Durmg the same period there were 21 bomhing strikes against bridges between Wuchang and Hengyang, executed by 6 B-25 and about 150 fighter-bomber sorties, The Hunan~KwangsI was the recipient of no less than 72 railroad bridge attacks by 43 B~25's, 78 P-40's, and 227 P-51's On the Wuchang-Hengyang section, three strikes destroyed one or more spans, 14 damaged the target bridges, and 4 missed. Of the Hunan-Kwangsi strikes, 13 destroyed spans, 23 mflicted damage, and 36 missed completely.29

Since the systematic Fourteenth AIr Force campaign against the railroada as a target system III themselves had Its tentative beginnings III December 1944 and contmued until the end of the war, It 1$ proper, begmning with 1 December, to take up each hue separately and, insofar as possible, trace bridge attacks and their effects on transportation on the line in question.

Bridges on the Pinghan were attacked 211 times durmg this period, bemg bombed by 78 B-24's, 292 B~25's, and more than 600 fighter-bolllP~rs. Seventy-four of these at" tacks destroyed one or more spans of the target, 41 mfhcted damage to some degree, and 96 resulted in no damage. At the end of the war the ehref of staff of the Japa-

AIR IN:I'ERDICTION tN' CHINA IN WORLD W IlR II - 73

nese Twelfth Area Army and various officers who had been Involved in railroad administration testified that an average of 15 bridges south of the Yellc'v River and north of Smyang had been out of service from air attack at any given time during the last months of the war. They added, however, that seldom if ever had both a main bridge and Its bypass been out at the same time.

Some operational bridges were so weak that only three or four cars could be crossed at a time, and those at very low speed. From Peking to the Yellow RIver on the northern Pinghan, 2,160 hours were consumed in bridge repairs from Aprrl through July 1945. The longest time taken to repair a bridge enough for traffic to resume was 280 hours, but this was true only because the Japanese preferred to erect a bypass when repair time for the main bridge was estimated to be more than 10 days. Smce only 2,928 hours passed during the four-month period, it is evident that through traffic must have been halted much of the time. According to the Japanese, there were only 68 days between 1 April and 13 August 1945 when through trains could proceed from Bhihehiachuang to the Yellow River.

A glance at a map wHl reveal that shutting off through traffic from Shlhchiachu~ ang to the Yellow River did not cut Hankow off from supplies from the north. Goods could move from Peking or Shihchiachuang to Tungshan, then west on the Lunghai to Chenghsien or Sinsiang, then down the southern Pmghan to Hankow An Office of StrategIC Bervices mission observed traffic on the southern Pmghan near Siyang for 20 days in June and July of 1945. Tlus was at a time when a dozen or more bridges on this railroad were out of commission. Yet, durmg those 20 days 31 trams averaging 23 cars moved north and 25 trams averagmg 25 cars moved south. By June the Japanese retreat had begun and the northbound trains were loaded while the southbound trains were largely empty, but It was evident that the capacity for moving mnrtary supplies from the north into Hankow still existed,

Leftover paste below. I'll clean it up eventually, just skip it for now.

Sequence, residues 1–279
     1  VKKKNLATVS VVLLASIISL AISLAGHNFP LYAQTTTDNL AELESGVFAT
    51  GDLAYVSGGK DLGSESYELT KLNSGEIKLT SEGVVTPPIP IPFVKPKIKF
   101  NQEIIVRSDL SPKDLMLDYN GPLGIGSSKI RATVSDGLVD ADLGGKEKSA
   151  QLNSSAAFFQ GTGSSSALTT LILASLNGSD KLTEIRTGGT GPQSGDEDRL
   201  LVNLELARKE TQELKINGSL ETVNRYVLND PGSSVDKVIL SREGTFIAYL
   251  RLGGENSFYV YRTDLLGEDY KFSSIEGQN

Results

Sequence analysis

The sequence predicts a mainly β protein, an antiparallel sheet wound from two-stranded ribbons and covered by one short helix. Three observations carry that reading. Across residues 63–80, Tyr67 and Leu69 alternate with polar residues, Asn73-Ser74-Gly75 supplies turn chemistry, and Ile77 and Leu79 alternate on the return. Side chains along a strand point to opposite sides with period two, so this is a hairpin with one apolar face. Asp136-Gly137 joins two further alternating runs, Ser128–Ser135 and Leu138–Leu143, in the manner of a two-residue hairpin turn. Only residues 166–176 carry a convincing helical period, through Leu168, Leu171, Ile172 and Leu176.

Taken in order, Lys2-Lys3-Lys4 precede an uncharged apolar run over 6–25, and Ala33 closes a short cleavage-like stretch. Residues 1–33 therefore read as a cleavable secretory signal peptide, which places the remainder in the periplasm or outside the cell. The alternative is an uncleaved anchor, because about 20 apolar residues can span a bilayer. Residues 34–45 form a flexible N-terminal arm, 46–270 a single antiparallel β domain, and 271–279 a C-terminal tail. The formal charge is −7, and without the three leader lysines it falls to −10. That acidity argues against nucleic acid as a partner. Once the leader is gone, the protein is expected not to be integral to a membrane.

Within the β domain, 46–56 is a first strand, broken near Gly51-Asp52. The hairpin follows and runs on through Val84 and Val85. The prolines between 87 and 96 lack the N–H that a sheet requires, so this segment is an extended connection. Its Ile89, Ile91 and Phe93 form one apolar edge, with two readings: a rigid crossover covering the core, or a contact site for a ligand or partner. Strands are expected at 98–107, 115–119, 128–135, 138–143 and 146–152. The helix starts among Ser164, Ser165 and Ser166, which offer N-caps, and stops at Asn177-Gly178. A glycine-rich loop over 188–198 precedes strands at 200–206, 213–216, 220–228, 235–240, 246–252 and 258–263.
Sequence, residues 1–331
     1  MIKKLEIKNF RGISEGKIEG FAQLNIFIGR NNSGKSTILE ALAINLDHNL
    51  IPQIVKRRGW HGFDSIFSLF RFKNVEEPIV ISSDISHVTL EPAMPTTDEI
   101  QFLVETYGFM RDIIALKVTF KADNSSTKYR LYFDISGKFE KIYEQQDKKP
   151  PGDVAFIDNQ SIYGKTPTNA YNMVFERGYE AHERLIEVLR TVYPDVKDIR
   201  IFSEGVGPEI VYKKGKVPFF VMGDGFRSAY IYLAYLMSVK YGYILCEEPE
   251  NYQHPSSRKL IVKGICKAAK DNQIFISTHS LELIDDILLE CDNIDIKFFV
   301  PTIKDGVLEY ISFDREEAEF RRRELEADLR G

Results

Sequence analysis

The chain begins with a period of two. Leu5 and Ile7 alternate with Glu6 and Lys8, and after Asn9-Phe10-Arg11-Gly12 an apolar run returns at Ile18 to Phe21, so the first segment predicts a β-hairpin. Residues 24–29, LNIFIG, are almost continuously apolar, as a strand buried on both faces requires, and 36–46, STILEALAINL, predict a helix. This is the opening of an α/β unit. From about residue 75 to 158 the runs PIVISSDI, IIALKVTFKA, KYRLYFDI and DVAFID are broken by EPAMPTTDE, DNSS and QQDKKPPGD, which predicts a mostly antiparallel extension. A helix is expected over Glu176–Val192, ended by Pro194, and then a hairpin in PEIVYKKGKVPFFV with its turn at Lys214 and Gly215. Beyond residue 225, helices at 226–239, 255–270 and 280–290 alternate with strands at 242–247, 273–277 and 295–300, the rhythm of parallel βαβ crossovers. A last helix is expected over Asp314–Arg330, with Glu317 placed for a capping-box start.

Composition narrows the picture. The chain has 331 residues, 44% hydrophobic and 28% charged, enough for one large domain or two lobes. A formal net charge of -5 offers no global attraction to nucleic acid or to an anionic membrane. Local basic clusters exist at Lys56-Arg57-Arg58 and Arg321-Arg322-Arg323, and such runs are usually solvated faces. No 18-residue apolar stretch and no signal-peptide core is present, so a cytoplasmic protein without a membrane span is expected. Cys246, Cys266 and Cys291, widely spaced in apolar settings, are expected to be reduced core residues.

Next to the Pinghan, bridges on the Wu~ chang-Bengyang section of the Canton-

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Hankow Railroad were hit most heavily during the last nme months of the war The total number of attacks came to 173, de~ livered by 78 B-25 and almost 900 fighterbomber sorties, The fact that fighterbombers, often carrying small bombs, made so many of the attacks probably accounts for over half the strikes missing or faIhng to damage their targets. Forty..seven missions destroyed one or more spans of the target bridges, and 35 mflicted damage to some extent.

Representatives of the Japanese Sixth Area Army, which controlled the wuchanglIengyang line, reported that it was never possible for them tc run through trains from Wuchang to Hengyang. To begin with, practically all the bridges had been destroyed by the retreating Chinese, and these had to be rebuilt before the line could be used. The reconstruction was accomplished by temporary timber trestles, easily damaged by bombs. The Japanese stated that bridge repair between Wuchang and Hengyang was a lughly frustrating experience because, tune and time again, when they had almost fimshed restoring a bridge to service, a new air attack knocked it out again before a single train could cross. For example, an important bridge just north of Changsha, after being rebuilt the first time, was bombed on 31 March 1945 and put out of operation. Another stnke on 10 April cancelled the repair work done up to that time, and service was not restored until 31 :t.lay. For the next 20 days this bridge was open, but the next bridge to the south was out during those 20 days. An attack of 20 June rendered the former bridge unserviceable untn 4 July, and a new strike on 12 July knocked it out for the remainder of the war.

Some freight moved over the WuchangHengyang section, of course. When bridges were out, supplies had to be unloaded from one train, :ferried across the stream, then loaded on another tram. Where terrain conditions made It possible, bypasses capable of taking care of two or three cars at a time were erected hastily, but these saldam lasted long. During high water, river